Merchandise is a mixture of many products and services. Take the four leading automobile brands: Ford, Chevrolet, Toyota and Honda. They all make virtually all types of vehicles.
Market. When you make everything under one brand name, you have no target market to appeal to. You have to appeal to everybody.
Media. A broad line of products designed for everybody doesn’t lend itself to any specific medium. To cover a wide range of products requires a wide range of media. That’s woefully inefficient.
Message. No wonder the slogans of the four largest automobile brands are nothing but mush.
- Ford: “Go further.”
- Chevrolet: “Find new roads.”
- Toyota: “Let’s go places.”
- Honda: “The power of dreams.”
Last year, these four brands spent a total of $2.4 billion on advertising. Perhaps these four brands could use a little marketing-mix thinking.
There are free seminars
being put up by the SBDC this August. See below:
Small Business Focus
Current or potential small business owners will benefit from this five week seminar series designed to present concepts and best practices of owning, opening and operating a business. Register today for the entire series of seminars or individual classes that fit your needs. For more visit:
Social Media Marketing + What’s new on Facebook and what it means for your Business
August 6, 2015
Pasadena Community Education
3035 E. Foothill Blvd.,
Pasadena CA 91107.
Date: August 6 2015
Time: 1:00pm – 3:00pm
In this introductory session, we will review best practices, strategies, real world examples and offer ideas to show you how Social Media Marketing is a cost effective marketing tool. We will discuss: + What social media marketing really is and why use it
+ Introduction to social media channels and how to evaluate
+ what’s right for your business or organization + How small businesses are using these low-cost tools to gain visibility, develop relationships and drive sales and response
+ How to create valuable content for your social media marketing campaigns and time management + How to balance social media marketing with email marketing
and your other marketing efforts. Plus we will look at Facebook and how the game is changing for Business Pages REGISTRATION & MORE INFO,Click here
Presented by: MJ Finstrom & David Finstrom, HUTdogs
SBIR/STTR Intro Workshop August 11, 2015,
The Pasadena SBDC and TriTech SBDC are working together to bring you a complimentary workshop that provides a detailed overview of the Small Business Innovative Research (SBIR) and Small Business Technology Transfer (STTR) programs.
Presented by: Molly B. Schmid, Ph.D., TriTech Senior Consultant and Martin Kleckner III, Ph.D., TriTech Senior Consultant
Location: Playa Vista
This event is for innovative companies who are or will be using virtual/augmented reality as part of their growth and delivery strategy. Funded tech companies interested in online learning, artificial intelligence, gaming and wearable technology. Also startups looking for mentors and guidance.
Importing and Exporting
August 20, 2015,
180To RSVP or for more information
please call (562) 860-5050
Everything you need to know about maximizing your profits. The topics included for this seminar are:
- How do I import and/or export?
- Learn how to expand your market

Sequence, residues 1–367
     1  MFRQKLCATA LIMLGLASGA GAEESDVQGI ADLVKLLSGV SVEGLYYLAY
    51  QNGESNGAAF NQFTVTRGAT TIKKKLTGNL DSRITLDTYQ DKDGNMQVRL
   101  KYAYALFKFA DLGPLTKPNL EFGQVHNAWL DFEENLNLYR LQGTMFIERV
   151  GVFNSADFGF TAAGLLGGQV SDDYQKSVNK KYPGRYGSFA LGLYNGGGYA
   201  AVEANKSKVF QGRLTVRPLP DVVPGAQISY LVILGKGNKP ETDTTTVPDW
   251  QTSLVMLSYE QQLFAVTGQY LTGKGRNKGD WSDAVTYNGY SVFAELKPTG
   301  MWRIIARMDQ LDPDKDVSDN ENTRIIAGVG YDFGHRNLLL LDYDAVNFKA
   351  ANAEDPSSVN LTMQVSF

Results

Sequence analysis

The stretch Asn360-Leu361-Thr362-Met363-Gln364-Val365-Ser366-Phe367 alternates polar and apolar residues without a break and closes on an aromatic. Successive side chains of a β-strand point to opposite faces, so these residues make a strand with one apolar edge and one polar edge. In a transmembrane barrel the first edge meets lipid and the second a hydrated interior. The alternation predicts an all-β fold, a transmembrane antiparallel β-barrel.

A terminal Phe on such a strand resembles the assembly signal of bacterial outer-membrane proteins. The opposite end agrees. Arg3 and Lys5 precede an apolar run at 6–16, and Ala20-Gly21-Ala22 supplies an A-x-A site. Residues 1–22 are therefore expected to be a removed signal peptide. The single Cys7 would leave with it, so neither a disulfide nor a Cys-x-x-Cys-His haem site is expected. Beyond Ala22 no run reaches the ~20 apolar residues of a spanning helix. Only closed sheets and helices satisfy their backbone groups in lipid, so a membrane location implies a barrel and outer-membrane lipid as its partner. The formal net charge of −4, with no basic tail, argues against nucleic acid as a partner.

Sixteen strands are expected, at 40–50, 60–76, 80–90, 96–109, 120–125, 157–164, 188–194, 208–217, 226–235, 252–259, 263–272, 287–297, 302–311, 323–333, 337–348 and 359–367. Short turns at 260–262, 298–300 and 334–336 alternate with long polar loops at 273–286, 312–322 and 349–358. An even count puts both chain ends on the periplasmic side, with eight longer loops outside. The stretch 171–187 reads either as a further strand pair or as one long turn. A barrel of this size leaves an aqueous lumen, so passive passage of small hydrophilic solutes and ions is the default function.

- Strategies for a global economy
- Access the resources you need to succeed
18025 Bloomfield Ave. Cerritos, CA 90703
Making the Next Step:
How to Grow Your Company
August 28, 2015
Location: Los Angeles
Most businesses plateau at different stages of development. Business owners looking to make the next step in growth will want to be aware of potential roadblocks holding them back: issues like legal compliance, accounting practices, or how business decisions are made. Learn about common impediments to growth and how to overcome them. This speaker engagement features Bixel advisor and friend, Douglas Korte. Visit the event site for more information.
LACI Cleantech Global Showcase
October 21-22, 2015
Location: Los Angeles
LACI’s Cleantech Global Showcase (GloSho) is an annual summit held in downtown Los Angeles where cleantech thought leaders and stakeholders from around the world meet to exchange ideas, facilitate trade and investment, and celebrate entrepreneurship and innovation. GloSho is the signature event of the Network for Global Innovation (NGIN) and furthers NGIN’s mission of opening world markets and connecting cleantech innovators wherever they reside.
Here’s the Money!
September 12, 2015
Location: Universal City
Join us in bringing education, resources, and business development opportunities to new, existing and
growing businesses throughout Los Angeles, San Fernando Valley & San Francisco.
At “Here’s the Money!”
Access to Capital Business Expo you will learn about the different sources for funding, how to grow your business capital, how to expand and/or improve your existing business, and much more!
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GROWING up in Miami in the 1990s, Carlos Escanilla was a lot more interested in hanging out with friends and playing music than in school. The son of immigrants from Chile, he slogged through high school with a C+ average and scored about 900 out of 1,600 on the SAT. “I was convinced I was going to be a famous rock star,” Mr. Escanilla, now 36, said.
When people talk about four-year colleges not being for everyone, the teenage Carlos Escanilla is the sort of student they have in mind. He seemed to be a much better fit for a job, a vocational program or a community college.